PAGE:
The BMW i7 is speeding through development toward series production, and is slated to be unveiled next year among an array of other 7 Series variants. Like any other BMW model, an integral part of the process involves exposing prototypes of the i7 to the extremes of nature. The cold part of the equation takes place in and around BMW’s winter test center in Arjeplog, Sweden, not far from the arctic circle, while hot-region testing is conducted in a variety of locations all over the world including tracks and public roads, both paved and unpaved.
Before any new BMW model reaches series production, prototypes are subjected to a lifetime’s worth of conditions faced by a conventional production vehicle. Some examples include prolonged exposure to extreme heat and direct sunlight, dust, and traversing primitive roads which may not be paved. During the evaluation process, sensitive onboard equipment is monitored by vehicle development engineers examining how components and systems are reacting and keeping an eye out for anomalies.
Effectively an electrified BMW 7 Series, the i7 is described as the world’s first electrified luxury sedan. Specific details as to its drivetrain have not been divulged, but we expect something similar to the systems which underpin the BMW i4 and iX, as the i7 appears to share BMW’s modular rear-wheel-drive platform. The hot-region test program takes place over tens of thousands of miles and pushes various vehicle systems to their veritable limits in extreme road and weather conditions. Systems of particular importance and interest on the i7 are the performance and reliability of the vehicle’s electric motors, the high voltage batteries responsible for powering them, xDrive all-wheel-drive, integrated cooling systems, and the drive control system which essentially makes it all happen.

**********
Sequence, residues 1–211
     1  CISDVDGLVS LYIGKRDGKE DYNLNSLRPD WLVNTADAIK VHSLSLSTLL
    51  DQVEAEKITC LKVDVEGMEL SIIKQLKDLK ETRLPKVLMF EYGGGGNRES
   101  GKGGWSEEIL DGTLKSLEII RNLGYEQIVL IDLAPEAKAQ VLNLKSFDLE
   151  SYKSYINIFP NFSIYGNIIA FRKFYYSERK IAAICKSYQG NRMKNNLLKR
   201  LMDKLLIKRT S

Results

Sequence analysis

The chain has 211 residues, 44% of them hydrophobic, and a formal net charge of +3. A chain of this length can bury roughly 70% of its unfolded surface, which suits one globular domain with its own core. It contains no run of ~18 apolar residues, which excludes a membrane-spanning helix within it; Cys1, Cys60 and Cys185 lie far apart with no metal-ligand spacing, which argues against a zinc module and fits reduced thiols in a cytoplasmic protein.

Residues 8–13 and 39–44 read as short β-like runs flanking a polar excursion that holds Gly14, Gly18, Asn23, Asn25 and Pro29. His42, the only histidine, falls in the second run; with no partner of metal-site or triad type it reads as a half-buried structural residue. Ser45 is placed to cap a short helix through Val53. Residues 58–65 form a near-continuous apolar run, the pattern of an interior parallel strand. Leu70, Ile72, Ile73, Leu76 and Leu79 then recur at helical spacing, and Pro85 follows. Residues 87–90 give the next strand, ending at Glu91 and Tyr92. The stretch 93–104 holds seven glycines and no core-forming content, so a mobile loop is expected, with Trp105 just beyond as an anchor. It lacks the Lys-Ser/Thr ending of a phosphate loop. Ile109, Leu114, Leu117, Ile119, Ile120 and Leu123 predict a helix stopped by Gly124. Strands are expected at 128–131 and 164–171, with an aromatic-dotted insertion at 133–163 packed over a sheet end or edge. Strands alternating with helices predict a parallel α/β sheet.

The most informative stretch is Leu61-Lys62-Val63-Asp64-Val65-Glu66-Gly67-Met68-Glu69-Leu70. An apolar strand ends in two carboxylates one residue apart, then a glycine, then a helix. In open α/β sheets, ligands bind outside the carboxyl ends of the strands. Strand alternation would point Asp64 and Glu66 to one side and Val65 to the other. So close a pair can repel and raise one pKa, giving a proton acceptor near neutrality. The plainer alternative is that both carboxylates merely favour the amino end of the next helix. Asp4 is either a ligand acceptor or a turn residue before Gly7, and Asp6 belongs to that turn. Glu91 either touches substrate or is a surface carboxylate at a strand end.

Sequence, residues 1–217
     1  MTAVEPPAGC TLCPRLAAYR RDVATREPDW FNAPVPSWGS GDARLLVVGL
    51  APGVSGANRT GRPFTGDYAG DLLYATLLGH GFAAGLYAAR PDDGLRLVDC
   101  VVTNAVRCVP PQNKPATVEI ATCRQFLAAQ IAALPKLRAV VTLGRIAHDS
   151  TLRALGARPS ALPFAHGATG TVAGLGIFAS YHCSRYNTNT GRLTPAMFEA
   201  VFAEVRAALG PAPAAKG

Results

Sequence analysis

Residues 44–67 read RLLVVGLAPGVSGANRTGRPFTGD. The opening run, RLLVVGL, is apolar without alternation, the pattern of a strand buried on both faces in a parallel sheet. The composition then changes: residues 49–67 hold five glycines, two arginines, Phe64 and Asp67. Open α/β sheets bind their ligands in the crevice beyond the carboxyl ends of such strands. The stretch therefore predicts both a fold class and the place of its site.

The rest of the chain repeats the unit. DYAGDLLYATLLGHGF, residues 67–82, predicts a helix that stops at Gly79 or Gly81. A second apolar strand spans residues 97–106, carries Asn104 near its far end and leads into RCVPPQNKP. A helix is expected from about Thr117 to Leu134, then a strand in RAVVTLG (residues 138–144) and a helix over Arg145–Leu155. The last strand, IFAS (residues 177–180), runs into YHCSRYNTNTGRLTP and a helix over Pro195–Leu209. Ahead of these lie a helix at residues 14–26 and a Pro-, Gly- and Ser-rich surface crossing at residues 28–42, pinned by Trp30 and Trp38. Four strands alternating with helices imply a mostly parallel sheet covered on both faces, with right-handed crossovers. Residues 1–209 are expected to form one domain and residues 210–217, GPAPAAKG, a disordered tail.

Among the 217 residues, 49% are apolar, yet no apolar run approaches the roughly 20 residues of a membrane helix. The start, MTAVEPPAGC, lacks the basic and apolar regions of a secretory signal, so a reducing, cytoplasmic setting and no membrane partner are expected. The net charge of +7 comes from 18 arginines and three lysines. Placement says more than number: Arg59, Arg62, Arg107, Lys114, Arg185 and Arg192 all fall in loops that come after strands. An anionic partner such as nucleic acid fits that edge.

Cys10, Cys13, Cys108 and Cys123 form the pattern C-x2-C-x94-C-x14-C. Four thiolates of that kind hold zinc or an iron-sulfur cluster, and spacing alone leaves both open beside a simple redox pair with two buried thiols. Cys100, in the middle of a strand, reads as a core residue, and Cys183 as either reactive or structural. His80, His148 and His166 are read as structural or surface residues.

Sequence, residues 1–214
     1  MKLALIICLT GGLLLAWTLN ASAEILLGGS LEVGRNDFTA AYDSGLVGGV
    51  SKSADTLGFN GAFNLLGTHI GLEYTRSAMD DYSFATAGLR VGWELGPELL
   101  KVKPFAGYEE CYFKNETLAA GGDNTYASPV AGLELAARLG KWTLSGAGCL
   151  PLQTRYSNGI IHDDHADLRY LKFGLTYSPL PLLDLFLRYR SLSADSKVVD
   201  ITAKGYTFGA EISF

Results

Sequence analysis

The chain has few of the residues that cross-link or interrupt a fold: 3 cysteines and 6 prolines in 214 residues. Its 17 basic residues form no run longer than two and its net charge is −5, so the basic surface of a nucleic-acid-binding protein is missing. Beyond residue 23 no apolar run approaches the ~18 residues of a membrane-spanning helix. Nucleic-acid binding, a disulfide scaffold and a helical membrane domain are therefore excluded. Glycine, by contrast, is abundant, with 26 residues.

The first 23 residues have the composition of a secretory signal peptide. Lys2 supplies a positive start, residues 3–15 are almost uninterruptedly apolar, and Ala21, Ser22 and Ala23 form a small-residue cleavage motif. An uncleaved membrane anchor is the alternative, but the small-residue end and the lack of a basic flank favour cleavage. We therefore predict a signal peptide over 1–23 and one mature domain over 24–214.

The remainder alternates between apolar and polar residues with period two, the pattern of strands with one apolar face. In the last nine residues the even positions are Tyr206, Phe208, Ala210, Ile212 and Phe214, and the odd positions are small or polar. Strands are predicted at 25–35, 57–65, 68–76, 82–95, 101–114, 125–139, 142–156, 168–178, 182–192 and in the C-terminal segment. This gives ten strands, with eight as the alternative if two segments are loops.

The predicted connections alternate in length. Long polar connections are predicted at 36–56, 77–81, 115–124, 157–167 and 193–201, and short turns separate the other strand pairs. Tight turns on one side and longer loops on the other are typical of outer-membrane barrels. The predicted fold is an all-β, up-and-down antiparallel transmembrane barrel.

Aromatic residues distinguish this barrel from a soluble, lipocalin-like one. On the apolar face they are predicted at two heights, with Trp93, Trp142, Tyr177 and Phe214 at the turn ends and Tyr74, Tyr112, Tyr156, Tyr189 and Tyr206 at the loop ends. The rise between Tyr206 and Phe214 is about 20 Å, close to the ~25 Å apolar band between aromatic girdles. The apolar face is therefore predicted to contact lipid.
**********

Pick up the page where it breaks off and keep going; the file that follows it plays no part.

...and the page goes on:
Some of the specific hot-weather test environments and procedures include traversing a long incline with a substantial elevation change on a road described as dynamic, which means lots of curves, while driving down a steep grade with a battery that’s already fully charged and unable to accept any more recuperated energy is another. Prototypes of the i7 are also driven in trailer mode to increase the load on the drive system. Electric motors and more specifically batteries are particularly susceptible to fluctuations in temperature, with performance and efficiency both tending to suffer in extreme conditions. Various other systems, including the variety of electronics found in any modern vehicle, along with interior materials, are also stressed under these conditions.
It’s all to ensure that when the i7 is for sale at a BMW center near you, it’s ready to deliver the driving experience and sense of isolation such a vehicle is known in just about any practical use scenario.—Alex Tock
[Photos courtesy BMW AG.]